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In the Beginning

A new column from Rev. Dr. John Kreutzwieser
Word Wisdom

Rev. Dr. John Kreutzwieser is a retired pastor from Emmanuel Lutheran Church, Moose Jaw, SK. He graduated with a doctorate degree in 2006 from the Robert Webber Institute for Worship Studies in Florida.
In the beginning the World Health Organization announced that there were 59 cases in Wuhan, China of what was to become the COVID-19 pandemic. That was Thursday, January 9, 2020.

In the beginning I was conceived approximately nine months before June 1, 1956. So began my existence and life.

“In the beginning God made the heavens and the earth.” So starts the holy writings of the Abrahamic faith groups; Judaism, Christianity, Islam. 

Words are important. I have spent my life using words and crafting words for teaching, preaching, and writing. This new column will explore words; words used in the Bible. Words that impact our lives and give meaning for living in our day.

The opening Hebrew word of the Bible in the book of Genesis is raysheeth, usually translated “beginning.” It means the first in place, time, or rank. It means the first phase, first step, first element in the course of events. So during the harvest of field crops or garden produce, the raysheeth is the firstfruits, the first to be picked.

Time is important in the world and in our culture. Time implies a beginning. Creation had to start sometime, somewhere, somehow. There was a “first” time.

There was a moment of “first” rank. There was a “first” step. Creation is the beginning of history, the raysheeth. Each of our beginnings take place after this first element in the course of events.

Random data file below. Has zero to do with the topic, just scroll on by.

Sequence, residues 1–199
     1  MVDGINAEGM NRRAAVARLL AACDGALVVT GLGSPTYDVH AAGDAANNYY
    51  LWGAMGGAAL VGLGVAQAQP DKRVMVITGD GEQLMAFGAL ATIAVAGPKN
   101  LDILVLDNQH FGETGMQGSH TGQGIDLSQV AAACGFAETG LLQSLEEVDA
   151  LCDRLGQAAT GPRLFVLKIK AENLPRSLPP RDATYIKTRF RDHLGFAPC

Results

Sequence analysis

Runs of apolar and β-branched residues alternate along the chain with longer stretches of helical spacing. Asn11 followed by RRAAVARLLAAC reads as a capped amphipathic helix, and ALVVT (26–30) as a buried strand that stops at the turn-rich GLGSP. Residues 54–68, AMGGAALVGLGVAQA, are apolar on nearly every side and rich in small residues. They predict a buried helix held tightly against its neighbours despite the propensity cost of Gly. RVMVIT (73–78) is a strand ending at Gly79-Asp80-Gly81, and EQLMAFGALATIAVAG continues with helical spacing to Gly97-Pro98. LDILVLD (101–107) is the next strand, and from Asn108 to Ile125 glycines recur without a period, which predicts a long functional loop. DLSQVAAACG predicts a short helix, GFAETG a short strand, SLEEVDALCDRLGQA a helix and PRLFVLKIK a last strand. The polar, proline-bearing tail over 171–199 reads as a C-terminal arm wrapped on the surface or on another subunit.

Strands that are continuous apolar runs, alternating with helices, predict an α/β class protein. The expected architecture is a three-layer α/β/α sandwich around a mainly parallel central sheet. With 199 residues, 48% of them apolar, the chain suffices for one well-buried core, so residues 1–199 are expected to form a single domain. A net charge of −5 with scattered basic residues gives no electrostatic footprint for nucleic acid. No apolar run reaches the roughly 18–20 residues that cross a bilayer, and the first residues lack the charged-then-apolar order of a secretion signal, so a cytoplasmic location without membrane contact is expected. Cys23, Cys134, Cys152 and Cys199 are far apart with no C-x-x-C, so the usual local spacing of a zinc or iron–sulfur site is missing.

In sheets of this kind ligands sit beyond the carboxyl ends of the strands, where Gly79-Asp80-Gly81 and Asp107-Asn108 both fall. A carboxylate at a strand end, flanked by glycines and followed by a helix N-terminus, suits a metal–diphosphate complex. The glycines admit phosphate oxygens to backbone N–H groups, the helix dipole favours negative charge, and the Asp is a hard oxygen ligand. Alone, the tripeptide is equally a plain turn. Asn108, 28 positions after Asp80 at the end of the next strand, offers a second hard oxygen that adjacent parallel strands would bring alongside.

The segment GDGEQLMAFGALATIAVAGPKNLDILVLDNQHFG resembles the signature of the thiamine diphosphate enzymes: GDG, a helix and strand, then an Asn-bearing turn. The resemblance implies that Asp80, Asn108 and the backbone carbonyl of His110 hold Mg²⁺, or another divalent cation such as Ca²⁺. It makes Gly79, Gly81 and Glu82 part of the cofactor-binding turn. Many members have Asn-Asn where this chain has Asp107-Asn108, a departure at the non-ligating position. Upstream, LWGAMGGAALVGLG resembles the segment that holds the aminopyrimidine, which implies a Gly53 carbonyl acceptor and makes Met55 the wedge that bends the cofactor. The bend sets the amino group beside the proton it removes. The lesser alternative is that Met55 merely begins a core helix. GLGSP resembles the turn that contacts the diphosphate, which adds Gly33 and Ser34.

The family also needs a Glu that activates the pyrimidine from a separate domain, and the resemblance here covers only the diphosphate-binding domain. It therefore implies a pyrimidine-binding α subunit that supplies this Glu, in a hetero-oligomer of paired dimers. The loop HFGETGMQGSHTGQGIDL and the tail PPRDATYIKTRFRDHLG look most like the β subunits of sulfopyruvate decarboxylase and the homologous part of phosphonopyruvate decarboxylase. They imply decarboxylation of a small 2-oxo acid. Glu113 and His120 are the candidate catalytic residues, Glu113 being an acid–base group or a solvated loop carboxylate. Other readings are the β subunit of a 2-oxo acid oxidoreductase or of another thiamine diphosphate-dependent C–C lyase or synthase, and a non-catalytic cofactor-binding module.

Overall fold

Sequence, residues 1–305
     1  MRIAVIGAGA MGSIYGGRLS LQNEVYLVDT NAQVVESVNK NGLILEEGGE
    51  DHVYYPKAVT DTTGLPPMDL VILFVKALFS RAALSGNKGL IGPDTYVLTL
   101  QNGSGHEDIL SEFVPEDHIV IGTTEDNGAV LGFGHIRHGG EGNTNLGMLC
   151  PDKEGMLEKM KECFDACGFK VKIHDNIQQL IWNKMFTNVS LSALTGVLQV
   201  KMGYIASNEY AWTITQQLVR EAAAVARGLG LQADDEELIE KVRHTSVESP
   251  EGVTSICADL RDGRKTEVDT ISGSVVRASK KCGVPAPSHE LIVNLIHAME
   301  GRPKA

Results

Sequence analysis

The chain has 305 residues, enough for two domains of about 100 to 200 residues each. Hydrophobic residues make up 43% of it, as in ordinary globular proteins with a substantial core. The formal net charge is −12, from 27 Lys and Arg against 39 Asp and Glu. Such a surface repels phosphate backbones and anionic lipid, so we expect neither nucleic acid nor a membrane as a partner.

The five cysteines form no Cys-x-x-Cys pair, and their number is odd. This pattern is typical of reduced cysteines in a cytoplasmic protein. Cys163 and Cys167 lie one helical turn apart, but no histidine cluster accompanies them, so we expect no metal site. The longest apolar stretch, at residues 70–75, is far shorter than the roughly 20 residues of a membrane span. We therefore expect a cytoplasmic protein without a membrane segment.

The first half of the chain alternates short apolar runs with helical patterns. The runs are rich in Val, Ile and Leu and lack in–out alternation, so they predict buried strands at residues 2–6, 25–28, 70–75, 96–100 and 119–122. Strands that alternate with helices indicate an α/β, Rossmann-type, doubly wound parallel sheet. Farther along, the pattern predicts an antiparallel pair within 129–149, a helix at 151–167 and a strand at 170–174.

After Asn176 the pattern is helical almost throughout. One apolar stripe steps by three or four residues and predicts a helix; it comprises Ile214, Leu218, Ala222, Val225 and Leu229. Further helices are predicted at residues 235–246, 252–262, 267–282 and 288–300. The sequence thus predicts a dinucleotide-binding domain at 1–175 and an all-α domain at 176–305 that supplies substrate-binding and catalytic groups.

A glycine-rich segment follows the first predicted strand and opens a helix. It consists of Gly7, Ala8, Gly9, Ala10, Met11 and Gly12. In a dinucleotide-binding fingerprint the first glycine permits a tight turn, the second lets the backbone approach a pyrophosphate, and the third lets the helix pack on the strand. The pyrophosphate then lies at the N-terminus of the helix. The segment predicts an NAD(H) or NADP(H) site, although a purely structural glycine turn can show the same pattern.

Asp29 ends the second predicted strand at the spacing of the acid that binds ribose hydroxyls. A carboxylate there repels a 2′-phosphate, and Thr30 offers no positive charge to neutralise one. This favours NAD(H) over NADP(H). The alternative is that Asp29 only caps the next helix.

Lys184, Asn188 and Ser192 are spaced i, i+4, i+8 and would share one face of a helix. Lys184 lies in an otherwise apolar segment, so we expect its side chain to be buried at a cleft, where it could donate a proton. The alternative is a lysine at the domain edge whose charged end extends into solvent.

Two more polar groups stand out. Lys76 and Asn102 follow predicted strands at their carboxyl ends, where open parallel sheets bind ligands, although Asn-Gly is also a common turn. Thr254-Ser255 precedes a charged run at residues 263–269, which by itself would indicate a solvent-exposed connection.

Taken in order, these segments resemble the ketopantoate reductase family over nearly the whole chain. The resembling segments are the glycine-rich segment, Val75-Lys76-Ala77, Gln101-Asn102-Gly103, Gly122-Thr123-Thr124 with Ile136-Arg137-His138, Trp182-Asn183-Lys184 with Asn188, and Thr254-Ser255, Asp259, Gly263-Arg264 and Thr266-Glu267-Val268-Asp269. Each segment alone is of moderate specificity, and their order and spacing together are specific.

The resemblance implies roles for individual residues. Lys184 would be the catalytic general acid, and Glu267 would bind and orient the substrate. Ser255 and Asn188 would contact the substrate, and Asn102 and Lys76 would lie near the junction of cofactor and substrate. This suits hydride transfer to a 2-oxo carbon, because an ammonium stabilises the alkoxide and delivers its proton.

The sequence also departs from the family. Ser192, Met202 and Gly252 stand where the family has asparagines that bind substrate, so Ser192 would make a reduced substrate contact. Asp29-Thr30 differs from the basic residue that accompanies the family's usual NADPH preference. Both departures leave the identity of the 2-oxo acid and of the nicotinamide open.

Psalm 111:10 informs us that “fear is the raysheeth of wisdom.” Humanity is to have an awe, a reverence, an amazing wonder that God is involved in the beginning. This provides the wisdom to carry on amidst an uncertain and sometimes troubling existence. As we face the raysheeth of the reopening of our province we take courage and live by hope in the ongoing concern of the One who has been there for all the beginnings. God was in the beginning. God will be a help in the present. God will be there at the ending. The Bible proclaims a God who had no beginning. A God who exists outside of time. A God who is always there. 

The Preacher of Ecclesiastes once wrote: For everything there is a season, and a time for every matter under heaven: a time to be born, and a time to die; a time to plant, and a time to pluck up what is planted; a time to kill, and a time to heal; a time to break down, and a time to build up; a time to weep, and a time to laugh; a time to mourn, and a time to dance; a time to cast away stones, and a time to gather stones together; a time to embrace, and a time to refrain from embracing; a time to seek, and a time to lose; a time to keep, and a time to cast away; a time to tear, and a time to sew; a time to keep silence, and a time to speak; a time to love, and a time to hate; a time for war, and a time for peace.

Believing God is involved in the raysheeth of all things brings a sense of meaning and purpose to the existence of each human life. Our lives are connected to a grander scheme than existence by chance events. A connection to a Creator God gives a comfort and hope in the midst of life’s varied situations and pandemics. As the Book of Deuteronomy states, “the eyes of the Lord your God are continually on the land from the beginning of the year to its end.”

From the raysheeth God has been involved. From the raysheeth of your life God has been involved. From the beginning of the COVID-19 pandemic God has been involved. Through the participation of God in time, in our beginnings, we do not despair. This presence of God may not be in the way we would like. His presence and guiding hand may not be understood very well. But what began at creation continues throughout the ages. God has “eyes” on the world. God has a focus on your life.

Take heart there are many raysheeth moments to come and God will be there always.

The views and opinions expressed in this article are those of the author, and do not necessarily reflect the position of this publication.